Red Cross Calling challenges
I started my Red Cross Calling challenge last week on 1 March. My challenge is that I only wear skirts and dresses for the month. This is what I’ve realised so far; skirts and windy days don’t mix and nor do skirts and housework.
Plus, I have a bit of a hiccup in the plan; my old ‘corporate clothes’ (and proposed supply of skirts and dresses) don’t fit anymore. Bummer. Off to the Red Cross shop this weekend. Overall though my friends know me well and understand this challenge for me. As a result, I’ve raised around nearly $600 for Red Cross so far.
I also enjoyed hearing about what others are doing:
- Sarah Jones is giving up social media for four weeks. Sarah works alongside me in Carlton Street Melbourne office.
- Rose Rhodes, Chair SA Divisional Advisory Board (DAB), will be hosting a morning tea cake stall Red Cross House in Adelaide. This will be quite a challenge as she is having hand surgery this week.
- Josie Nash is going green – she’ll only be eating and drinking naturally green foods for the last two weeks of March. Josie is from our fundraising team.
- Di Buckles, Chair of the WA DAB, is running a challenge of not wearing high heels for a month.
- Lyndal Herbert, our Deputy President, is wearing nail polish for a month and changing it every day for 21 days. A particular challenge given she can’t remember the last time she painted her nails.
- Belinda Dimovski is asking her friends and family to sponsor her for a ‘Walk To Work Wednesday” for the month of March. Belinda heads up our engagement and support team.
- Ross Pinney, our President, is holding a fundraising dinner with family and friends.
- Anne Macarthur, our Victorian DAB Chair, will be tin shaking over the Victorian long weekend outside a busy service station and at the farms around her district. She tells me that takes many days as everyone wants to chat – but it’s a great way of checking on their wellbeing as well.
We’re all part of 14,500 Australians who are raising funds for Red Cross this month or otherwise being involved in our communities. What are you doing for Red Cross Calling? You can sign up and create your own challenge here.
Meanwhile, the Red Cross Calling team have also introduced tap-and-go technology for the first time. It’s been trialled in a few cafes, near our Sydney and Melbourne offices, and some retail outlets. The technology means that shoppers can make an on-the-spot donation. Looking forward to hearing the results.
My week last week
Of course, last week wasn’t just about skirts and dresses. My week was made up of media interviews on Red Cross Calling (a huge thanks to the media team for getting the message out far and wide).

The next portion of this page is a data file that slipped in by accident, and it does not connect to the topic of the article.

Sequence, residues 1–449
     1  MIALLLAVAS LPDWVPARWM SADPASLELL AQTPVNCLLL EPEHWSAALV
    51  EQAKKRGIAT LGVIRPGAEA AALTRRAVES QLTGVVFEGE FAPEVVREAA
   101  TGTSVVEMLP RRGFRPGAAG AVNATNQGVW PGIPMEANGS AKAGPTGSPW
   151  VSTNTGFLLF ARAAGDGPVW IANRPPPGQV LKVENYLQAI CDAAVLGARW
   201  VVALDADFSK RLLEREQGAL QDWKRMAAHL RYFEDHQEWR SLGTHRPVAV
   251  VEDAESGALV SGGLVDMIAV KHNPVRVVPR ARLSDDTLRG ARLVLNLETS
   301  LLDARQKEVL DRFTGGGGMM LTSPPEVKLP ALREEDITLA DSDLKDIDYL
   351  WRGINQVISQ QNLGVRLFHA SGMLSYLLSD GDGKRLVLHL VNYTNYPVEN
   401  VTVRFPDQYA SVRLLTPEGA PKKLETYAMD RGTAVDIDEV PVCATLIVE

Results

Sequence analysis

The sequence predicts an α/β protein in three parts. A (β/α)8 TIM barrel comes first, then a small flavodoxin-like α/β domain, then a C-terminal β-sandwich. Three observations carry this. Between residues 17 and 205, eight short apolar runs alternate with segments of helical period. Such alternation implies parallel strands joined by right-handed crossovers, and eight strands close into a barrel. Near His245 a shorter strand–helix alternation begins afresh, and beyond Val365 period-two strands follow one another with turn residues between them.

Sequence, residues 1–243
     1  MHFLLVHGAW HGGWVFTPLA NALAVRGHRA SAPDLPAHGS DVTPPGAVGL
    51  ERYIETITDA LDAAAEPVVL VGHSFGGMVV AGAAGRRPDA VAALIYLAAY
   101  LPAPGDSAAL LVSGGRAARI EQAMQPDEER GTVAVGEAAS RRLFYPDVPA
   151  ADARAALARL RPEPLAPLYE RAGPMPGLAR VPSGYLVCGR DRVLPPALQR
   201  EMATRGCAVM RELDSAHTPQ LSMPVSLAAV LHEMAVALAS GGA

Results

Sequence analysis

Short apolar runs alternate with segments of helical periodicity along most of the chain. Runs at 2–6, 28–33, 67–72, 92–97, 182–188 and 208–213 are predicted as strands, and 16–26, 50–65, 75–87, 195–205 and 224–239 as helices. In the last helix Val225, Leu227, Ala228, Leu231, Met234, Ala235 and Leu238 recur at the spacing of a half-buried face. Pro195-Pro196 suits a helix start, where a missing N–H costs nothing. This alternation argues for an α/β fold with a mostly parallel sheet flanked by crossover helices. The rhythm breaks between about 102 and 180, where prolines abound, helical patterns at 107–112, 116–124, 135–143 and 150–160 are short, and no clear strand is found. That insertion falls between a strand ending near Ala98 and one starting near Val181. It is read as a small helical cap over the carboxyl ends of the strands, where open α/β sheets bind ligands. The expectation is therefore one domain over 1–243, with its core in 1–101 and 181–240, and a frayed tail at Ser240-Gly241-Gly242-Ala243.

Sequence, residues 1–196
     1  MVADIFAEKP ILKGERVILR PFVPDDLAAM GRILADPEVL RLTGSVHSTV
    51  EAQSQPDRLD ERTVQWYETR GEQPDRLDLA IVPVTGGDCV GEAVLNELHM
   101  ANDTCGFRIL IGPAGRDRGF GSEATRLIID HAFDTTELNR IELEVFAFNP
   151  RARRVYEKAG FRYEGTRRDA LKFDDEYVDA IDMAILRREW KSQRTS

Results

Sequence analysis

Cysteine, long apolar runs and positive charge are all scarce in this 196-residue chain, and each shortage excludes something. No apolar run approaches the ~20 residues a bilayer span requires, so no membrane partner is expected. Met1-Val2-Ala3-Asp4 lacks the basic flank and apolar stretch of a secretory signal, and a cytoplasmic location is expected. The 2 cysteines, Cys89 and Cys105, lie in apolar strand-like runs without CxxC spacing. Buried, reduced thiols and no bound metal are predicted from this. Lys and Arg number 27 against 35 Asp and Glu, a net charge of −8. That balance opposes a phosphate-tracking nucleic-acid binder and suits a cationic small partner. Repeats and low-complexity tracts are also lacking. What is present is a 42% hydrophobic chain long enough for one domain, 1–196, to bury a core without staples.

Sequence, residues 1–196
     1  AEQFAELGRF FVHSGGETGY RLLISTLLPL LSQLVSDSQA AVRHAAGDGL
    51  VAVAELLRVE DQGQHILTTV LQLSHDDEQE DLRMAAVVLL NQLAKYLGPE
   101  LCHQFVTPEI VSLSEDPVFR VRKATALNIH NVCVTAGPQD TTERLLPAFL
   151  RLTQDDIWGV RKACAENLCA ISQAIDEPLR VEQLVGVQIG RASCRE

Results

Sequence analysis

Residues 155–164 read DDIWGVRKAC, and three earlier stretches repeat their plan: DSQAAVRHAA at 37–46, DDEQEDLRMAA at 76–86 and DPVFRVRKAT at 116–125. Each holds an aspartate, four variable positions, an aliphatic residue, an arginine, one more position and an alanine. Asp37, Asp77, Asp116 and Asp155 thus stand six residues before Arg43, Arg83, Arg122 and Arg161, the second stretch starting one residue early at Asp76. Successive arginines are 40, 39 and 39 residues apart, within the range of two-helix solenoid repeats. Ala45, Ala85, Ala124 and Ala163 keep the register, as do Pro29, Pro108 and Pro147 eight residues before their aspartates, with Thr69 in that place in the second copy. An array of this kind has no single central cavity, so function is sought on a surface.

I also had my regular one-on-one with several of my team where we have a significant chunk of time to talk through what the team members are working on. In addition, we had sessions on first aid, Disability Employment Services and the move from Carlton to Villiers Street in Melbourne.
I spent one day last week in Sydney as part of our involvement in the National Outlook Project. This is a really fascinating initiative which is working on what Australia’s future could be. It is an unusual initiative for us to be involved in but an important one. The project is led by David Thodey, as Chair of CSIRO and Dr Ken Henry, Chair, National Australia Bank.
The day after Ken Henry gave a speech you can find here. Here is a quote “One of the more important things we in business can do at this time is accept responsibility for the social and environmental outcomes of our activities. Not unreasonably, this is what the community expects.”
Finally, I also joined the team who are starting work on how we re-imagine our role in supporting migrants-in-transition. It was a good first session on how we make the most of the freedom and support we have to ensure migrants in transition have their humanitarian needs met and are participating and included in society. Stay tuned.
SBS interview with our aid worker in South Sudan
If you didn’t see our aid worker Dorsa Nazemi-Salman on SBS’s Dateline last week, I highly recommend it. Dorsa is on assignment in South Sudan – one of the most dangerous countries in the world for aid workers. She told SBS: “You never know when the first bullet is going to be shot, so you have to be sure that they know that we're coming. You would be quite naive to think that danger is not around the corner."
PNG devastated by massive earthquake
A massive 7.5 magnitude earthquake hit Papua New Guinea last week. It was a devastating earthquake and there has been widespread damage with homes buried and destroyed, roads destroyed, bridges snapped and power and communications cut. The earthquake was followed by a deadly aftershock yesterday.
The Secretary General of the PNG Red Cross, Unvenama Rova, says some roads are slowly opening up, and aid is trickling in - although, owing to the remote and rugged terrain, it could be some time before everywhere is reached and a full picture emerges.
"We are still trying to work out the best way. We have our Mt Hagen branch as our operations centre and we are mobilising volunteers from there."
Provincial authorities say the total death toll is now about 60, with the toll expected to rise as reports come in of entire villages buried under landslides. ABC is reporting a further 11 people were killed in yesterday’s aftershock.
PNG Red Cross and the International Federation of the Red Cross are on the ground providing assistance and we are on standby ready to help if needed.